The tides in the English Channel are quite strong with ports such as Southampton experiencing a prolonged high tide and the Gulf of Saint Malo (between Jersey and St Malo) experiencing a tidal range of 28’.
The sea bed is home to hundreds of shipwrecks from the historical remains of timber warships such as the HMS Dragon (1647) to the West of Alderney, HMS Royal Anne Galley (1709) off Lizard Point and, of course, HMS Victory. The collection of lost vessels also includes the wrecks of boats from both World Wars and more modern casualties of incidents including the MV Nyon, a cargo ship that collided with another vessel a few miles off Beachy Head and now rests on the sea floor.
The wrecks are a problem for trawl nets and their locations can be identified using online facilities such as ShipWrecks UK.
Navigating the Channel can be a problem, particularly in the Dover strait due to the sheer volume of traffic, excessive speeds employed by some and the shallow waters contributing to groundings. Passage planning guides are available which make traversing these waters infinitely safer.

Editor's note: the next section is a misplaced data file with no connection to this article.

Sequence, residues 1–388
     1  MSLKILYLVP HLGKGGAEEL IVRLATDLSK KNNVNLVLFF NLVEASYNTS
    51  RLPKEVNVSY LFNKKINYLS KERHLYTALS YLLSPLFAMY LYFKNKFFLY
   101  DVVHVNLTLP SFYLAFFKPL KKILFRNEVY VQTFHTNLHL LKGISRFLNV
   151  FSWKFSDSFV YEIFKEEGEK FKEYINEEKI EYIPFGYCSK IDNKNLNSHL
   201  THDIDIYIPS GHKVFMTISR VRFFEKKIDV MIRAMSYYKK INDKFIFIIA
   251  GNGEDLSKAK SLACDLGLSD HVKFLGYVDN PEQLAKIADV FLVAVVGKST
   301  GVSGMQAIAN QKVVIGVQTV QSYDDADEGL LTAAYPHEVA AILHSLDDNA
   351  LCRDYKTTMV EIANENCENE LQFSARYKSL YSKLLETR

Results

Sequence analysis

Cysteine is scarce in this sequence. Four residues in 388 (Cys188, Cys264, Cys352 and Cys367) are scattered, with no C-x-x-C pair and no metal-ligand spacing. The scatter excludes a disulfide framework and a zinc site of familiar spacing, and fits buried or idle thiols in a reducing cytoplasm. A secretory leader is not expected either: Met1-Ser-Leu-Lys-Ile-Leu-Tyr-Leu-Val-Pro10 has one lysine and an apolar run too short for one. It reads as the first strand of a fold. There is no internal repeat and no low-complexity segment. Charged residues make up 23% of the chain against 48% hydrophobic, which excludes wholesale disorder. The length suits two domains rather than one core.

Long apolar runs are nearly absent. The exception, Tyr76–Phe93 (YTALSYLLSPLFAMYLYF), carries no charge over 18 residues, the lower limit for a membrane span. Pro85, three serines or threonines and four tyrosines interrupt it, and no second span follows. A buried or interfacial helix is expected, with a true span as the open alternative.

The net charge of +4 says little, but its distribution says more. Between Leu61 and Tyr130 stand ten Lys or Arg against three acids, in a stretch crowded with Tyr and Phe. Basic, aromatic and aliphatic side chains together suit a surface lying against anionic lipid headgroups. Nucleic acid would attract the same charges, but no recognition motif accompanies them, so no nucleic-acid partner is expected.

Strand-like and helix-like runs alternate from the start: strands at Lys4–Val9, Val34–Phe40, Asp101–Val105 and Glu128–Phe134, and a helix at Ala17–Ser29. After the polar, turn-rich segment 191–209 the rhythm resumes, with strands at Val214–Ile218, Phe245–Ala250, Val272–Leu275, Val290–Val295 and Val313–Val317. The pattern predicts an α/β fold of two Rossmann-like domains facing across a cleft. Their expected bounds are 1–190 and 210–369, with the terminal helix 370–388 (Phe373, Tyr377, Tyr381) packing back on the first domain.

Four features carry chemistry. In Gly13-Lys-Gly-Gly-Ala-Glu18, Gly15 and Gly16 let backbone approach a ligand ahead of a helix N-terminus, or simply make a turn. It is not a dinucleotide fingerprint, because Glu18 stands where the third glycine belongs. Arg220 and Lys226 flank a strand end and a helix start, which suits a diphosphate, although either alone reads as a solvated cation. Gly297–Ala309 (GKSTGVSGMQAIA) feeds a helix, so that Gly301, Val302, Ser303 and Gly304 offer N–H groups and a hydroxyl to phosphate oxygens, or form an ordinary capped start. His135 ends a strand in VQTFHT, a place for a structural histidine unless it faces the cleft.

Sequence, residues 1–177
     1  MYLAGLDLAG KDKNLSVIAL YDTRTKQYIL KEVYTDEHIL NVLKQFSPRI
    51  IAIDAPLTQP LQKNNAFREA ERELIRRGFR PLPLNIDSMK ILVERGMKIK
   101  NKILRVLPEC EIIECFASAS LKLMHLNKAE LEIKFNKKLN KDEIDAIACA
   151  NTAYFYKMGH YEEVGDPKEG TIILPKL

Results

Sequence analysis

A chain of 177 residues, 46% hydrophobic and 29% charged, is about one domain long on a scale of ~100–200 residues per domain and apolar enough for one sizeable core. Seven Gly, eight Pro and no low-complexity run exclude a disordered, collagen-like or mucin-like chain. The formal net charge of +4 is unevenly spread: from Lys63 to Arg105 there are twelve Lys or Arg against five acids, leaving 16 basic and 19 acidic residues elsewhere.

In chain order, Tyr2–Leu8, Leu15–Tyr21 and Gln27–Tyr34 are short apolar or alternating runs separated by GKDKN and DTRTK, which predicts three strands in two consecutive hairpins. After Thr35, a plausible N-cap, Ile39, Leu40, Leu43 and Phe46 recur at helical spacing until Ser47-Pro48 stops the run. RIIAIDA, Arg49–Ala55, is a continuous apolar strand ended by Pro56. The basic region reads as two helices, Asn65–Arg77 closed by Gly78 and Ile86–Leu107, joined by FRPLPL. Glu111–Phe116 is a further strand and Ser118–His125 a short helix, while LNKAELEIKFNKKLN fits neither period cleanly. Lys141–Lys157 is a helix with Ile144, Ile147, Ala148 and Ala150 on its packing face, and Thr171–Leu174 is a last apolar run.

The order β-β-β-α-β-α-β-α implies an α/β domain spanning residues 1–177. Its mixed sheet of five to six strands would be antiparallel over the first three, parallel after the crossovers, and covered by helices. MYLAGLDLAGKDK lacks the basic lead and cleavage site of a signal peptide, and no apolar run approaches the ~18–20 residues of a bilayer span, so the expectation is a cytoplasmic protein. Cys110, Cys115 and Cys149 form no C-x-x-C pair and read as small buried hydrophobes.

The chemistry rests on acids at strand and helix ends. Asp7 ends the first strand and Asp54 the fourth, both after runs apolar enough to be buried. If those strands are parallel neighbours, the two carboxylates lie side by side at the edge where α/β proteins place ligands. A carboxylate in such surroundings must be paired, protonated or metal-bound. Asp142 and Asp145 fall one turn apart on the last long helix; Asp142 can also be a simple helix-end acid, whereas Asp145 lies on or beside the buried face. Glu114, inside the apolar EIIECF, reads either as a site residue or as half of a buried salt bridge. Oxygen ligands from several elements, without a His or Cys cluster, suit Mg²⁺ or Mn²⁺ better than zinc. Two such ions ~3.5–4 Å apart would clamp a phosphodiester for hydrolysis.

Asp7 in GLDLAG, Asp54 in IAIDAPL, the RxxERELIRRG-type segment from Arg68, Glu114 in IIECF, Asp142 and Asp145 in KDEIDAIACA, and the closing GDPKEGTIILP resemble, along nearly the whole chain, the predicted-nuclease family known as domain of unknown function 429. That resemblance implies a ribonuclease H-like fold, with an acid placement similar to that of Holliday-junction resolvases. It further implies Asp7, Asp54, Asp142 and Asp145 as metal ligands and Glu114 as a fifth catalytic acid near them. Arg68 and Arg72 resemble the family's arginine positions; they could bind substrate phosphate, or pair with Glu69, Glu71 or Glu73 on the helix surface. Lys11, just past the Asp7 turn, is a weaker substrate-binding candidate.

The weather in the Channel can be very varied and is largely depending upon the season; however, strong winds and gales come predominantly from the south-west or west. Rainfall is on average around 28-30” per annum with winter air temperatures falling between minus 5 to 12 deg C and summer between 20-30 deg C. The sea surface temperature also varies from 7-16 deg C with the depths of the channel being an almost constant 5-7 deg C.
The flow towards the North Sea which starts with salinity levels of around 35.5 parts per thousand decreases with the influx of fresh water and takes around 500 days to completely replace.
However and wherever you traverse the waters of the English Channel you can find the perfect boat to enable you to do so with Find A Fishing Boat so be sure to look at our adverts and, if you’ve enjoyed this article, don’t forget to spread the word on social media using our links above. We’d be very grateful.